How to Be A Grown-Up: Asking Professors For Recommendations

professionals

Look at these semi-happy, business-casual-attired professionals. Don’t you want to join them? (via Wikimedia Commons)

It’s that time of year again — the snow hasn’t even melted but your inbox is already clogging up with emails from your mom, all with the panicked subject line “APPLY FOR SUMMER INTERNSHIPS — Email Aunt Tanya’s friend about the thing!!! xOxo love you please do this ASAP.” If you don’t have a well-connected Aunt Tanya to hustle you straight into a ~*~*~dreamy~*~*~ D.C. nonprofit internship, though, the ins and outs of summer employment-chasing can be a little tricky. Read on for a guide to one of the most important parts of job/internship-securing — gettin’ that elusive, much-needed professor rec.

  • First, identify the professor of your choice. Ideally, it should be someone who thinks you’re at least OK. 
  • Next, send an email. Here’s a template I’ve found success with — “Hi, Professor X. I’m applying for (X job/internship), and I was wondering whether you might be able to write me a letter of reference. I know you must be incredibly busy, but I just thought I should ask — I completely understand if you can’t do it, but (here is where you insert something about why that particular professor’s recommendation would be helpful, or mention how something that said professor taught you led to your interest in the job you’re applying for. I don’t know your life.) Thank you so much, and I look forward to hearing from you!”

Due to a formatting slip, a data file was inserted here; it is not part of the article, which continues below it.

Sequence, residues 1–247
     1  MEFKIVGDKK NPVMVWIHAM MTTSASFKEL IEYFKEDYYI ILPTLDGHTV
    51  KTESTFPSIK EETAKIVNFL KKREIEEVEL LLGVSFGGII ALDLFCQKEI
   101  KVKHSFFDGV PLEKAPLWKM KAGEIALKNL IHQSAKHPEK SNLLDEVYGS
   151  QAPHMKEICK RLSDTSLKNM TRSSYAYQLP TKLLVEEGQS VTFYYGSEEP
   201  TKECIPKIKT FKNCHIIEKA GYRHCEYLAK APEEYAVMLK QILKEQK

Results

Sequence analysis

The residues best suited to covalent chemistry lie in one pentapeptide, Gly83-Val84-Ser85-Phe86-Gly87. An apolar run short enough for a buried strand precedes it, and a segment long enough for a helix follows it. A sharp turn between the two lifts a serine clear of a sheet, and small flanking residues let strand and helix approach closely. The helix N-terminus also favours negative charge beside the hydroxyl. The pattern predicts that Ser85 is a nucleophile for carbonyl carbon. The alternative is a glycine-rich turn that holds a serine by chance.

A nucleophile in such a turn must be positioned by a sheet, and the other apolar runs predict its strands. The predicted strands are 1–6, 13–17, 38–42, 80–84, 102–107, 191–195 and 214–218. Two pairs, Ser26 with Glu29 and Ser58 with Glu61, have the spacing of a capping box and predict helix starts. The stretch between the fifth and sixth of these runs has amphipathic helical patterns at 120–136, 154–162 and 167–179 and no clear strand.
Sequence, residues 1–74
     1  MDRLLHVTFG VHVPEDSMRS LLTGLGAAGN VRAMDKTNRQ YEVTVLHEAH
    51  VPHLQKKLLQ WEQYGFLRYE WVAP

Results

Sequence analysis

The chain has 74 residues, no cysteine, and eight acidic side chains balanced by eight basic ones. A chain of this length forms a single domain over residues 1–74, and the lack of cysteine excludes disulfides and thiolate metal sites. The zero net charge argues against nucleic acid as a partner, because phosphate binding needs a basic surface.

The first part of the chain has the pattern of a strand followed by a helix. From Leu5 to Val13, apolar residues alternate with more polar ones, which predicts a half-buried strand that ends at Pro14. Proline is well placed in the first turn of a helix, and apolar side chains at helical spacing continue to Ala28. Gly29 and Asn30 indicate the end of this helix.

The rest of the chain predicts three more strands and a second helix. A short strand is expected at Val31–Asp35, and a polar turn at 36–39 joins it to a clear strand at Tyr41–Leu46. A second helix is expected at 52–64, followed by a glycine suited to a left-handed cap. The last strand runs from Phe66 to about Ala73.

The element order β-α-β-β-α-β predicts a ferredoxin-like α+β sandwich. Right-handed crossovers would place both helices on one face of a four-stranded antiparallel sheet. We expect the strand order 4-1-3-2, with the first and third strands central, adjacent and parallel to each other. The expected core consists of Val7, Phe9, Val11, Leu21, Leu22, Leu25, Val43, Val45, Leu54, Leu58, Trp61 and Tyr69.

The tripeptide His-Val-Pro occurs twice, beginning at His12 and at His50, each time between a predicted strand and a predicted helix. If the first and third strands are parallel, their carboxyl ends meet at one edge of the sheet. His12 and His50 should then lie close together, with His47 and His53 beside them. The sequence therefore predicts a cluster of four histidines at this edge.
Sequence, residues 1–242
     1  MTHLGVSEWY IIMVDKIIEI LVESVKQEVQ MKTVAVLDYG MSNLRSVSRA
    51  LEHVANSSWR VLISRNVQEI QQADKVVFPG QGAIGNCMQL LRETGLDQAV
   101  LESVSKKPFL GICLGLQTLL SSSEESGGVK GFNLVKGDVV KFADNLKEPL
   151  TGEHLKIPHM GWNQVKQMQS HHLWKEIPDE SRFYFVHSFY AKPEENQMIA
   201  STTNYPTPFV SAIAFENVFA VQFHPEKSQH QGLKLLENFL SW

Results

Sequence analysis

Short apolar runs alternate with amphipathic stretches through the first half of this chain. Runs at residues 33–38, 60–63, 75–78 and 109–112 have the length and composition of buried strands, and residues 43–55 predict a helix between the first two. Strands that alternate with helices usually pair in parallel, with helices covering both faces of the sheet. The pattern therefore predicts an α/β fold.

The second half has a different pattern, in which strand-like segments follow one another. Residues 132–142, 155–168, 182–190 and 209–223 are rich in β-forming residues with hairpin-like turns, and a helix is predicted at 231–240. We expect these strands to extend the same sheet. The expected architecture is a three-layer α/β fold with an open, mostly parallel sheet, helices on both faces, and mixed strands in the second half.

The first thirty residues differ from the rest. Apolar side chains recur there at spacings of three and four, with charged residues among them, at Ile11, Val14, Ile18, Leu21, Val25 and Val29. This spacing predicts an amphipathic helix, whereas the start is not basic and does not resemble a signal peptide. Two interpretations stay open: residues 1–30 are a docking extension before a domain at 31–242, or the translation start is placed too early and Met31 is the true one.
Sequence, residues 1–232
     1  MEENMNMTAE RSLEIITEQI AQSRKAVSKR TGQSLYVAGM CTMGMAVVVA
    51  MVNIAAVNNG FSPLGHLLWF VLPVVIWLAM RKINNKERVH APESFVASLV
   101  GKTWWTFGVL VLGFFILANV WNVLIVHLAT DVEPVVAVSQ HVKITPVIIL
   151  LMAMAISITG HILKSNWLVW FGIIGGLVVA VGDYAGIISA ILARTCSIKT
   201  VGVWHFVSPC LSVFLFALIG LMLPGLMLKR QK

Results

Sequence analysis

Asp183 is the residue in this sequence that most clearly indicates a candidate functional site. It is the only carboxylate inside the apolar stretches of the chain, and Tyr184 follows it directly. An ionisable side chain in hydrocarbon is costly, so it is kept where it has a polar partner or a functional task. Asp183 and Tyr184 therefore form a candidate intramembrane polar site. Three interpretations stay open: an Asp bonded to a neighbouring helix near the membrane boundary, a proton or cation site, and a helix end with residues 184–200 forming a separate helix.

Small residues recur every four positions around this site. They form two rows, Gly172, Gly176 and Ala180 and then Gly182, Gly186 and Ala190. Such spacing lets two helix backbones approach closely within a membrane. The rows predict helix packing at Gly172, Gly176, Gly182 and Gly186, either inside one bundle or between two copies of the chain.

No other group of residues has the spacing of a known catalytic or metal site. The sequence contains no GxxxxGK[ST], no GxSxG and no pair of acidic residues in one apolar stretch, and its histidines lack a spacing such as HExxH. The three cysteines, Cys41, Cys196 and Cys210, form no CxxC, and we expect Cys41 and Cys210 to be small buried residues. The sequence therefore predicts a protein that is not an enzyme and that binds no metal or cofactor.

• You don’t have to bow and scrape, but never, ever make a professor feel as though he or she somehow owes you a recommendation. If you do, you’re just setting yourself up for a “Don’t Ask Me For Shit” response that isn’t going to net you that job at the cute little indie publishing agency in Brooklyn where you could really see yourself fitting in as, like, more than just a summer intern.
  • Once you’ve gotten a yes, do not waste time. Send the professor all the relevant info right away. (By the way, if you didn’t get a “yes”, try not to take it personally. Professors are busy, and you want a rec from someone who’s really going to whole-ass it.)
  • If a professor’s late rec is negatively affecting your ability to meet a deadline, it’s fine to get in touch with a politely phrased reminder. Don’t sound pissy, though, even if you are.  (Also, let ’em know when you get a job they recommended you for.)
  • Arguably the most crucial part of this whole dance is also the most frequently overlooked — THANK-YOU NOTES. THANK-YOU NOTES. THANK-YOU NOTES. They’re not just for your Aunt Tanya anymore! Always thank your professors, even if you don’t end up getting the job. (You will, though. As we already established, you’re at least OK.)
  • Extra points for a handwritten note of thanks — this will likely not be the last recommendation you’ll ever need, and you don’t want to become known around your department’s faculty lounge as “That Fucking Kid Who Pestered Me For A Rec And Then Didn’t Even Have The Decency To Say Thank You, Jesus, What An Ingrate, Let’s All Get Together and Sabotage His/Her Comps for Sport.”

3 responses

  1. Good article, Thrill! One VERY important thing you missed, though: give us fair notice! NOTHING pisses your profs off like a Friday afternoon request for a letter that has to be in by Monday! Two weeks notice is a minimum for most of us; many of us like at least three. Just sayin…

    A friendly prof

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